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Liverpool’s Mané on Klopp and the “Human Touch”

Liverpool’s Senegalese forward is winning friends with his performances on the pitch and with his words off it.

Liverpool v Sunderland - Premier League Photo by Clive Brunskill/Getty Images

Much has been said about Sadio Mané’s blistering start to his Liverpool career. There are signs that the Senegalese forward has overcome a recent dip in form and is rediscovering the lethality that caught so many eyes during the first few weeks of the season, even as he prepares to take a temporary leave of absence from the club in order to participate in the Africa Cup of Nations.

Mané is, by all accounts, the model professional in training. In interviews, he’s shown himself to be gracious to his manager and to his teammates, and when discussing upcoming matches, is level-headed almost to the point of banality - asked about the upcoming Merseyside derby, Mané said “I think we can do it.” He mostly stays out of the headlines, yet clearly has a streak of playful mischief in him, nowhere more evident than in his penchant for mimicking his teammates’ goal celebrations.

In his tendency to credit those around him for the speed at which he has acclimated himself to this Liverpool side, Mané can come off as a bit of a cypher, but in a recent interview with the Daily Mail, he shed some light on what he feels sets Jürgen Klopp apart from other managers, and also offered a glimpse of his priorities outside the world of football.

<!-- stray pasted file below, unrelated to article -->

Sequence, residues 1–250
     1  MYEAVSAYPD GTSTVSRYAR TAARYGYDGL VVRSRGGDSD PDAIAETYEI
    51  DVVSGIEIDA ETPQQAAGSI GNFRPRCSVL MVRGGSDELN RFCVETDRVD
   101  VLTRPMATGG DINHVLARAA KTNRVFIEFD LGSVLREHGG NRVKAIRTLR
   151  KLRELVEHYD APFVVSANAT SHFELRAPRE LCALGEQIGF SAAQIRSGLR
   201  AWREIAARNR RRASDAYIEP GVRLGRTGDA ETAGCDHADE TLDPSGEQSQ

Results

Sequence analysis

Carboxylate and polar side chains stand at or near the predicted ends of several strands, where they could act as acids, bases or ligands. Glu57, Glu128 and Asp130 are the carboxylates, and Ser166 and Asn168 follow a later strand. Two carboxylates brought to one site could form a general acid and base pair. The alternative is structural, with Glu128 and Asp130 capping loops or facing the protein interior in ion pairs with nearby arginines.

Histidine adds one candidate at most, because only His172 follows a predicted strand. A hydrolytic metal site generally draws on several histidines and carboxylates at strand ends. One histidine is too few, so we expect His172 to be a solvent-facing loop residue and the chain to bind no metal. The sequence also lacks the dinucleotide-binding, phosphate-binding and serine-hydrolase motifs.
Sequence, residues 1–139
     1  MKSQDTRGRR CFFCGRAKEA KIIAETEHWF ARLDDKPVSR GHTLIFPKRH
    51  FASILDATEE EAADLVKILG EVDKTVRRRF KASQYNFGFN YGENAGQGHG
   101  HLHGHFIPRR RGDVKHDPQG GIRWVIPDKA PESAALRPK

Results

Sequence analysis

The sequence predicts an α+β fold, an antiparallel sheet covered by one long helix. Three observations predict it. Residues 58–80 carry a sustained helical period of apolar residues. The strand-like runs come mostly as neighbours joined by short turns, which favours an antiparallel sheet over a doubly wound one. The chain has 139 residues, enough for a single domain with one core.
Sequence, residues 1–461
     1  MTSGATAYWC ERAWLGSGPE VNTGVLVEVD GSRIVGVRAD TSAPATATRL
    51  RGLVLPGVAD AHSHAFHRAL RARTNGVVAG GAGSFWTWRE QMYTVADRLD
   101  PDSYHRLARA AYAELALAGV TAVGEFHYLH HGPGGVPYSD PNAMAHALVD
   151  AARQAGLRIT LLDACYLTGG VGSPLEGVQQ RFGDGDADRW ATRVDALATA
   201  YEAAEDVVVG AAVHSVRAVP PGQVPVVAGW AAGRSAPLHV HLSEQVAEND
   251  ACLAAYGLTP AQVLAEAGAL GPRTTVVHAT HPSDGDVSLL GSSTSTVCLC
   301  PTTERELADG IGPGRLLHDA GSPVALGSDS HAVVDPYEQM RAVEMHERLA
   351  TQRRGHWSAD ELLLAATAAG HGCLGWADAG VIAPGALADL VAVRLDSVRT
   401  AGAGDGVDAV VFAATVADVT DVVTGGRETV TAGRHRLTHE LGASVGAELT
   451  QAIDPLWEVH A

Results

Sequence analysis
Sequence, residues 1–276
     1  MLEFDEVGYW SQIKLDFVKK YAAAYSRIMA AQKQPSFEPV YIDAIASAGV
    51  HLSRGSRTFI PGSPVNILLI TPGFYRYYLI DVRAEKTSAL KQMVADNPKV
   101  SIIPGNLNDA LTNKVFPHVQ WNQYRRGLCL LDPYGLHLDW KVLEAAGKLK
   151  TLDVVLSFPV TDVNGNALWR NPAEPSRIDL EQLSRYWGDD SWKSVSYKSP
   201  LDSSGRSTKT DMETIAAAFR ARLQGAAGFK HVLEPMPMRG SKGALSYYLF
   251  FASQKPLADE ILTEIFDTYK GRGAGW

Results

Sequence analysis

“What's different about Klopp? That's a good question,” said Mané. “The big difference is that he is very close to his players and they feel close to him. It is the human touch. The players work for him and want to win for him. The forwards love the fluidity in attack.

“What he is good at is pushing players to do their best. He drives everybody on as a team. He likes the players and the players all appreciate him as well.”

The interview also makes mention of Mané’s plans to help the community from which he came, including purportedly paying for the reconstruction of a local mosque and discussions about more concerted philanthropic efforts in Senegal.

“One of the things that has pushed me on in life ever since I was young is that I want to give something back specifically to my region,” said Mané. “I am in discussions with colleagues in Senegal. I am young now but it is something that will be happening very shortly.”

Given his importance to Liverpool’s campaign this year, there are serious questions as to how the club will manage once Mané departs for international duty in mid-January, especially with Philippe Coutinho likely to be slowly eased back into action following injury. It’s almost a given that Liverpool will at least test the market for certain players in January, which would be a slight novelty given the caution the club have recently shown during the mid-season window.

When it was suggested that his absence might pose a problem for Liverpool, Mané once again showed his humility. “I'm sure that without me,” he said, “the boys here will be even better.”

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